I ordered a crepe to make a good initial impression. To show I was not one of that kind. Truth is, I would have sat there all afternoon if I hadn’t made an appointment to get my roots done. I had a serious Kate Middleton situation to attend to. Or to use another euphemism, the Manhattan mist looked like it had worked its way into my hair.

But do you know what? My funk had lifted.

Mood lifters

Instant mood lifters

My first novel is now available. You can buy Silk for the Feed Dogs here.


  1. I’m going to love reading your novel!

  2. I love writing in cafes, sadly I don’t get to do it as much as I used to. My all time favourite was Picasso’s on London’s King’s Road. You could have a cappuccino and a carbonara while you scribbled away (no laptops, oh no), and the best thing was people would pass by, if you were writing they respected that and left you alone, but if you raised your head there was always an interesting conversation to be had. So you can imagine my horror when I went by recently and saw they’d totally wrecked the place, turning it into some hideous black and chrome joint for the beautiful people to be seen in. As if we need another one of those…

    • I did wonder about the London scene. I would imagine there would be little locales that would accommodate the wandering city wordsmith (see how I’m romanticizing it!). I would hope so as it’s an inspiring city. I’d spend too much time staring out the window at the rain though. One thing I miss over here. Not enough rain. But I think I have heard of Picasso’s–in its original state.

      • What happened to Picasso’s is a travesty. I believe the original features in William Boyd’s new James Bond novel, and what a great place it was. Yes, the London coffee shop scene is pretty good, but like everything veering towards homogenisation. Guess it’s the price of the free wifi.

  3. This place sounds brilliant! I know some writers who write in cafes here, but the ‘music’ is always pumping and I, personally, find that really distracting and a real ambience-killer. There are a couple of more rustic coffee shops in Bushmills though, which are nice, but I tend to like putting on a big fire at home and sitting beside it with my little pup. I’m one of those more reclusive writers 🙂

    • Of course, you’re the perfect one to report from the home front. I suppose being near Belfast might help with cafe options. Although the big home fire sounds lovely. The fact is I spent most of the time writing Silk at my kitchen table with my back to the window. Which goes to show I’m more distracted this time round. I seem to need to feel like I’m in the middle of something and yet be reclusive at the same time!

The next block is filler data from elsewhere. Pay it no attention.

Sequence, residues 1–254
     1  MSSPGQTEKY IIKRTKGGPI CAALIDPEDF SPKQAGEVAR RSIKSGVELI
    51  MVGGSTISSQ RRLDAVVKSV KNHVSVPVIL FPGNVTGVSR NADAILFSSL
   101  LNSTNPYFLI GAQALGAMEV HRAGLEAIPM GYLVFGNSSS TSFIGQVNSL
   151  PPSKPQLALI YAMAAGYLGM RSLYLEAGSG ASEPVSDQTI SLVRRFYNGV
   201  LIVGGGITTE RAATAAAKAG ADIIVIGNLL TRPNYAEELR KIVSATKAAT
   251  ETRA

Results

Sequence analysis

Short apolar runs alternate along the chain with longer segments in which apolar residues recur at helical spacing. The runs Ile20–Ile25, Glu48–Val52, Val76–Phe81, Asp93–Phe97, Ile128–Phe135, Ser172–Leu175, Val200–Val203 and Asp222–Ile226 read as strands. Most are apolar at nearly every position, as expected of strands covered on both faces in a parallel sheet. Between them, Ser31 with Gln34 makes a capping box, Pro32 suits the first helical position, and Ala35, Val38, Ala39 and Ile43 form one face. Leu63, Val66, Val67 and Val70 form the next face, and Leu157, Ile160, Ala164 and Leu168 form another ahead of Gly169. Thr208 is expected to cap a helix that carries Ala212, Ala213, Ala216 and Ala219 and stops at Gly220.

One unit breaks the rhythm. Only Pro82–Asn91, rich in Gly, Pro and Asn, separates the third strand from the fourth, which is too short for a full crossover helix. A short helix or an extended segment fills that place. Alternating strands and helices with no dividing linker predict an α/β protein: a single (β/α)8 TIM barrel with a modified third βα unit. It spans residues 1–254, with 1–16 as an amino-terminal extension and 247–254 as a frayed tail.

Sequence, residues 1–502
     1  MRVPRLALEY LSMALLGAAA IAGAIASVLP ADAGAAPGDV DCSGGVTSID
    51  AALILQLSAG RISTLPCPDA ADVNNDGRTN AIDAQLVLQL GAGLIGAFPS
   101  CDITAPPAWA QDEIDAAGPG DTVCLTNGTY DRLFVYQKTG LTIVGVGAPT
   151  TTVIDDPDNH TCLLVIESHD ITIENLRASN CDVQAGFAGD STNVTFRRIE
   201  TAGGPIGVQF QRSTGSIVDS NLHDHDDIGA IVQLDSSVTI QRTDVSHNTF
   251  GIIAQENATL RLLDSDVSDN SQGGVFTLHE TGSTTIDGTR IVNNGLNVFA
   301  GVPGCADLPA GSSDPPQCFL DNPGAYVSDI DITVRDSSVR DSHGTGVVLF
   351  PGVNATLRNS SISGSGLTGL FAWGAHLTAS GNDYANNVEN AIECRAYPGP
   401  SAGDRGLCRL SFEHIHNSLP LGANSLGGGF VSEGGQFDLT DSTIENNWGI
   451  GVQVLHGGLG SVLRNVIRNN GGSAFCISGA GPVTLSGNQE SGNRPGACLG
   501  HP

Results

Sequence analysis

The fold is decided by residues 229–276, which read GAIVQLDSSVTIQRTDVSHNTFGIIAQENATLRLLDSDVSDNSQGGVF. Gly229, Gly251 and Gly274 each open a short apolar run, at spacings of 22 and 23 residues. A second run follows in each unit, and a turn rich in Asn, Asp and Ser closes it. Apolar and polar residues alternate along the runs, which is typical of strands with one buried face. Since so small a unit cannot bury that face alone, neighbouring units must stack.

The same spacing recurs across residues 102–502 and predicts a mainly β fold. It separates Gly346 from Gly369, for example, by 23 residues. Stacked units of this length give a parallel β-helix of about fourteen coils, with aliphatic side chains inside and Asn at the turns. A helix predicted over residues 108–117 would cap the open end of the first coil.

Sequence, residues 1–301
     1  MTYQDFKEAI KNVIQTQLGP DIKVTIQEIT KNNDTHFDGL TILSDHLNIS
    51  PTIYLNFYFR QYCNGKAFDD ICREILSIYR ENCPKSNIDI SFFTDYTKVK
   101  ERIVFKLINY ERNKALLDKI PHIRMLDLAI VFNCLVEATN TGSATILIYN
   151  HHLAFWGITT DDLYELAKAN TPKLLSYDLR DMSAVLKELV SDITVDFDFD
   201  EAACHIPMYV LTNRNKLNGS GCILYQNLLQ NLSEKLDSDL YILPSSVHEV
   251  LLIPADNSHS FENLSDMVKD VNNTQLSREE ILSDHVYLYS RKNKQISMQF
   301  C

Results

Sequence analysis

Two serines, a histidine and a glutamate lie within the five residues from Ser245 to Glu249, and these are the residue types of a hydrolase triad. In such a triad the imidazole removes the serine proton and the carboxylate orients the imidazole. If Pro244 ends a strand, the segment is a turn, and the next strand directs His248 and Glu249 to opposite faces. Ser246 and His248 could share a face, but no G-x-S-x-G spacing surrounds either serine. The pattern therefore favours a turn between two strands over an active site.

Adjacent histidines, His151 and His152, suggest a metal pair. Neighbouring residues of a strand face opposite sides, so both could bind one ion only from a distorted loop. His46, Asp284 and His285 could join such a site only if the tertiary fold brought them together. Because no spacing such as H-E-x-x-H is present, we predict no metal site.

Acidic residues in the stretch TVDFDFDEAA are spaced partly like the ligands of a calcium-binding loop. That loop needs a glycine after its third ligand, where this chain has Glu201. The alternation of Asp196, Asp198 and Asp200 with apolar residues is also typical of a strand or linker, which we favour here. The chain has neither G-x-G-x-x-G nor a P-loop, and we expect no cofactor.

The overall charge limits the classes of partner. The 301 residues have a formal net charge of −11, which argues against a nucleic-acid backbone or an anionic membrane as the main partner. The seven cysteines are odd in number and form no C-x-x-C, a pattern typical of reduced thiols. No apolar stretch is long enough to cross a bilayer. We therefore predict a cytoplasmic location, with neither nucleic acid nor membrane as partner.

4. Peter McLaughlin

    Sounds like a gem. You keep that place a wee secret or you’ll never get a table again!

  5. Way ahead of you , Peter. I didn’t exactly give its precise location or make too much of its name. But it is a concern. Flash forward to my next visit and there’s not a shadowy corner to be had. I’ll have to sit on the King of Pop!

  6. Made me long for NYC and the Lower East Side and even mist. Ensconced here in SoCally I can barely remember it. It’s wet, right?

    • Wettish, David. Not quite enough for me. I love rain and NYC has surprisingly little. Although SoCal less, poor you. (I recognize this is not the usual response from people when you divulge where you live.) Here the weathermen announce record level rainfall every couple of weeks and then we have 1/2 cm of rainfall and I feel conned. I’m thoroughly enjoying your novel. It’s very original and I have so many questions!

  7. Looks perfect, Jackie. I think I need to spend less time in the house…

    • Pack your little laptop and a few bits of loose change and go see where you can camp out. A change of scene is always welcome. Let me know what you find near you. I’m curious…

  8. You’ve inspired me – I’m going to do it! Tomorrow, I’m going to abandon My Special Chair and My Special Desk and head over the park to the café on the other side. I suspect that my local caff might have more squealing little people than chocolate gold coins, but goddammit, I’m going to give it a go!